"You'd love for him to be a player of high character who you can put your faith in and will represent the organization well over the years. You want to make sure the player is young, so you're buying a lot of prime years. There will be a time and place for that."
However, he wasn't ready to say if the time was now for the Cubs. He will be active in free agency, though. He got lucky when he signed a released player to a one-year, $1.25 million deal in David Ortiz.
"That's probably not going to happen again," Epstein said. "There's a time and a place for a big impact player, and also a time and a place for the smaller, more nuanced moves."
Will he miss the Yankees?
Epstein switches from the American League East to the National League Central. Will it be easier to deal with the Pirates than the Yankees?
"With the Red Sox, the way we looked at it was with [the Yankees'] resources and their baseball smarts, we're going to assume they'll win 95 to 100 games every year," he said. "That helped us elevate our game, because it set the bar really high. I thought that served us well, taking that approach.
"If you look at what the Cardinals are doing and the Brewers did this year, I think we can take the same approach and assume these teams will be really, really good over the next few years and that, in term, raises the bar for us."
The Red Sox were famous for their computer program, known as "Carmine," which Epstein created five years ago to analyze player statistics and tendencies. Epstein said he doesn't rely solely on spreadsheets, but also wants a balance between the statistical analysis and what traditional scouting provides.
"We developed in Boston a program that was simply an information management system," he said. "Every team in baseball has an information management system of some form or another.
"With the Cubs, we're in the process of sitting down and seeing what they have. Information is everything. In the Draft, for example, information is the single most important currency."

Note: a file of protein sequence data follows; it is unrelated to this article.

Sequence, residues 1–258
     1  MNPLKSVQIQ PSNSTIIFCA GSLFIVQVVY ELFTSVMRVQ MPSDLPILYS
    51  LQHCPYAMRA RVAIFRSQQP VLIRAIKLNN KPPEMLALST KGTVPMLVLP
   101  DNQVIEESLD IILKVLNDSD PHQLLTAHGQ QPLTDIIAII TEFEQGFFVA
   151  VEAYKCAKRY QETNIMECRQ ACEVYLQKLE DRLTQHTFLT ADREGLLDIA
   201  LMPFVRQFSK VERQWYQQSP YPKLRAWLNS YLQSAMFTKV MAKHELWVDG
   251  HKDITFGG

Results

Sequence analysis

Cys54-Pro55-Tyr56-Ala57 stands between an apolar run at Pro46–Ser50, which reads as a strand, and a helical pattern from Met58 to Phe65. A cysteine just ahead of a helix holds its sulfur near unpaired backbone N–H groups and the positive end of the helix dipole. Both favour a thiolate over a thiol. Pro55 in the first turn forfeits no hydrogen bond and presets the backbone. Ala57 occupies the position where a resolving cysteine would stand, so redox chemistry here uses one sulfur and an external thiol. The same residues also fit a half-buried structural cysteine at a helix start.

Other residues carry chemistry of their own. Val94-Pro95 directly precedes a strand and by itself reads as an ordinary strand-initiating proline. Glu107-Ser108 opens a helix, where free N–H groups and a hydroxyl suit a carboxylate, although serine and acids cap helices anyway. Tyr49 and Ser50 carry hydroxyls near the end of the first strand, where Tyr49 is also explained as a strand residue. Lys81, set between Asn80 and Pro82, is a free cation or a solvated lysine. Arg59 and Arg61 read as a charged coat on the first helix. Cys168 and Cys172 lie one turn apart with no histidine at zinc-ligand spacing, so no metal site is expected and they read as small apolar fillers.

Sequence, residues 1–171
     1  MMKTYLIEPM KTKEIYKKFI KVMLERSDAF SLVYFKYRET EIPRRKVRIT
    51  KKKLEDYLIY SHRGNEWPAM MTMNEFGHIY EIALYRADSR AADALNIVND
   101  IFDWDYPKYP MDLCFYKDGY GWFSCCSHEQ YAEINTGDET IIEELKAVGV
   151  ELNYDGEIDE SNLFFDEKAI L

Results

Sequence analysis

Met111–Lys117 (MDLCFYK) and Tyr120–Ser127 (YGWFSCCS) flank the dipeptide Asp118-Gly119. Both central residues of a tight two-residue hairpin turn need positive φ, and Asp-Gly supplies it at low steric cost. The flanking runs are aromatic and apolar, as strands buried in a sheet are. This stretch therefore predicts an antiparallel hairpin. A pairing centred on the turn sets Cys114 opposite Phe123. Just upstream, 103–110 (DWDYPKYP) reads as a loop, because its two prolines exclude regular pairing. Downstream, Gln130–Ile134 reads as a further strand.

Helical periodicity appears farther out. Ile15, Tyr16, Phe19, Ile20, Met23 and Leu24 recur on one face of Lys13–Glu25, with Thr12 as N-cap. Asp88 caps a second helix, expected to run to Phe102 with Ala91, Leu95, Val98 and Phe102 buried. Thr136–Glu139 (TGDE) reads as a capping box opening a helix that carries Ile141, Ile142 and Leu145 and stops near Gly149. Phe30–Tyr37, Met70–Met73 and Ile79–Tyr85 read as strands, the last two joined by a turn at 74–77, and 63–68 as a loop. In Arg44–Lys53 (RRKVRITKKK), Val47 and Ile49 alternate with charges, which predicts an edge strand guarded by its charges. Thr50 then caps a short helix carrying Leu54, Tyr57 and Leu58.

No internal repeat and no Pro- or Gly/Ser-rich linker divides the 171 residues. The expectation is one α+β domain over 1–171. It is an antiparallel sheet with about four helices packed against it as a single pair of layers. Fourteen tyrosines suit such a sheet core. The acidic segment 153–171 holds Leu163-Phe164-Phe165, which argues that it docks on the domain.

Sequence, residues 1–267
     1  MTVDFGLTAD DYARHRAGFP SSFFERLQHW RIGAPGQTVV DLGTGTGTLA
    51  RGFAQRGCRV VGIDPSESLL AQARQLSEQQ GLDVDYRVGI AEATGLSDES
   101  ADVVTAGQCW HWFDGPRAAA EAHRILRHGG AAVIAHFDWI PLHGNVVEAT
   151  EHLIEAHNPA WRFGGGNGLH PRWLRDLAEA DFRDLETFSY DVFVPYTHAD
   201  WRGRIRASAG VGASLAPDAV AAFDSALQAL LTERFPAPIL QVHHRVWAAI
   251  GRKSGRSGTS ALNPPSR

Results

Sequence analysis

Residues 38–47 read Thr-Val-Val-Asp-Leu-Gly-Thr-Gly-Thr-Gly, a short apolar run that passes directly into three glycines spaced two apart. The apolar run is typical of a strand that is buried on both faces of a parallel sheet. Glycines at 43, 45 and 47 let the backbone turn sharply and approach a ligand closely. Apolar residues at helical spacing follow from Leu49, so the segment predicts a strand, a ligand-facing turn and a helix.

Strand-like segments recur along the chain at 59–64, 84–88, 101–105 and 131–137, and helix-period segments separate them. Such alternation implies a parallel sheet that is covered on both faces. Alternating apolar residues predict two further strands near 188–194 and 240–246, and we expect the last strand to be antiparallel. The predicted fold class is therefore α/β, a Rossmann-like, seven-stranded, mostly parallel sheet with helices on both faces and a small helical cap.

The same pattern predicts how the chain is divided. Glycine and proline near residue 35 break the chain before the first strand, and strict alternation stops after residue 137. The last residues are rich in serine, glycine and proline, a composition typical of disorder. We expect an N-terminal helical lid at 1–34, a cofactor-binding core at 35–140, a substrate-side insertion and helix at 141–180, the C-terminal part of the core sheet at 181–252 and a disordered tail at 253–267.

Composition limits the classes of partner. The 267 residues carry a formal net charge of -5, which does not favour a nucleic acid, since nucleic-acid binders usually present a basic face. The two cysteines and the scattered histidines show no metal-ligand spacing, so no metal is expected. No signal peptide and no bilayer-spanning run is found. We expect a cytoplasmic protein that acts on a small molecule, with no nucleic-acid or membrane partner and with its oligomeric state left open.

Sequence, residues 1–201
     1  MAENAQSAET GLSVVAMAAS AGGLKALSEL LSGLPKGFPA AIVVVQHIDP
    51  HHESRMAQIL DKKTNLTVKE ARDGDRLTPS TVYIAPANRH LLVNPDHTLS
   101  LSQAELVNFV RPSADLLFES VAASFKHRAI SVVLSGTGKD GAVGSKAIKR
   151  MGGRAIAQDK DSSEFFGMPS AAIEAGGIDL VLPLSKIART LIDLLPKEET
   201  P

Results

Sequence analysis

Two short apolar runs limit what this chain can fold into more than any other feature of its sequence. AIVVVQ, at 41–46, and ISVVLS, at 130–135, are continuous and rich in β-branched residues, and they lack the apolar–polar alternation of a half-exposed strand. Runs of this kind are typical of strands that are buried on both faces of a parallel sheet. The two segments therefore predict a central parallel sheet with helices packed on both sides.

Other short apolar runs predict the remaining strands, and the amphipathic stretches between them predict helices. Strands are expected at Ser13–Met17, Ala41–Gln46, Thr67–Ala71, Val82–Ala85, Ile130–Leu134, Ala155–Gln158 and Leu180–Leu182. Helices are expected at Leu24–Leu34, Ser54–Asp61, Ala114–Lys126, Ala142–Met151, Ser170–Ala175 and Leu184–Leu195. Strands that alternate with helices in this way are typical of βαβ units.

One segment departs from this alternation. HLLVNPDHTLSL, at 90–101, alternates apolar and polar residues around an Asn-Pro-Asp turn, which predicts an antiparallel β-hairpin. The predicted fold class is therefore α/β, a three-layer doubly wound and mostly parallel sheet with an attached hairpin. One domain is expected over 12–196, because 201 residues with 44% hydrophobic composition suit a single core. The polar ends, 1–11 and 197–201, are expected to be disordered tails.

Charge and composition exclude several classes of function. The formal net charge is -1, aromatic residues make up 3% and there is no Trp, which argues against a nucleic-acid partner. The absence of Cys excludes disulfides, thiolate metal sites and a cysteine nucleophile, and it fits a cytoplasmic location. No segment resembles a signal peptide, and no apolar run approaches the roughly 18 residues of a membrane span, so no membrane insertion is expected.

Epstein will discuss with the Cubs' baseball operations staff about what they are currently using and try to improve on that.
Epstein is well aware of his star power.
"I've come to grow more comfortable with the realities of the fact that unlike 20 years ago, general managers are part of the public face of the franchise," he said. "Not only the game has changed, but the fan experience has changed. People relate more to GMs, everyone thinks they can be a GM or president of baseball operations. That comes with the territory."
He does like to protect his privacy and his family's privacy, and finally confessed that it was him in a Chicago Starbucks earlier this month. A fan recognized Epstein when he stopped to buy coffee.
"When I'm somewhere where I don't want to be recognized, and someone recognizes me, I have a couple standard lines," Epstein said. "I usually say, 'Oh no, that's not me, but I guess I look like him,' or I say, 'Theo Epstein? Who's that?'
"I was so excited to be in Chicago and so surprised to be recognized that I dropped both lines on this guy without stopping to think they really don't work well in concert with each other," he said. "My mistake. I'm a little more of a Dunkin [Donuts] guy, and now that I learned that Dunkin supports the Cubs, that's a good thing."
Carrie Muskat is a reporter for MLB.com. Muskat writes a blog, Muskat Ramblings, and you can follow her on Twitter@CarrieMuskat. This story was not subject to the approval of Major League Baseball or its clubs.